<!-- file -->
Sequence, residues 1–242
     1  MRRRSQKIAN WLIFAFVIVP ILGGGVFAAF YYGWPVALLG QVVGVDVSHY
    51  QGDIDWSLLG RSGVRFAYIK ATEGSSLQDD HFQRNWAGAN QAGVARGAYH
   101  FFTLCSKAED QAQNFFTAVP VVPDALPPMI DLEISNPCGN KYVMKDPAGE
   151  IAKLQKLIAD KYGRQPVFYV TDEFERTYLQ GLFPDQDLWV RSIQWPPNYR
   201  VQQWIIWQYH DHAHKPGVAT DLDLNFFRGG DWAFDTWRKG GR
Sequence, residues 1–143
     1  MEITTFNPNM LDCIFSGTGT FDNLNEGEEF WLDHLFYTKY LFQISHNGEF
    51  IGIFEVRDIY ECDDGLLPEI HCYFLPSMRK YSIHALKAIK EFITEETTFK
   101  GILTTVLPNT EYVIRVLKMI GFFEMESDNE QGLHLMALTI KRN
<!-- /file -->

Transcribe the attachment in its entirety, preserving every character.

Sequence, residues 1–242
     1  MRRRSQKIAN WLIFAFVIVP ILGGGVFAAF YYGWPVALLG QVVGVDVSHY
    51  QGDIDWSLLG RSGVRFAYIK ATEGSSLQDD HFQRNWAGAN QAGVARGAYH
   101  FFTLCSKAED QAQNFFTAVP VVPDALPPMI DLEISNPCGN KYVMKDPAGE
   151  IAKLQKLIAD KYGRQPVFYV TDEFERTYLQ GLFPDQDLWV RSIQWPPNYR
   201  VQQWIIWQYH DHAHKPGVAT DLDLNFFRGG DWAFDTWRKG GR
Sequence, residues 1–143
     1  MEITTFNPNM LDCIFSGTGT FDNLNEGEEF WLDHLFYTKY LFQISHNGEF
    51  IGIFEVRDIY ECDDGLLPEI HCYFLPSMRK YSIHALKAIK EFITEETTFK
   101  GILTTVLPNT EYVIRVLKMI GFFEMESDNE QGLHLMALTI KRN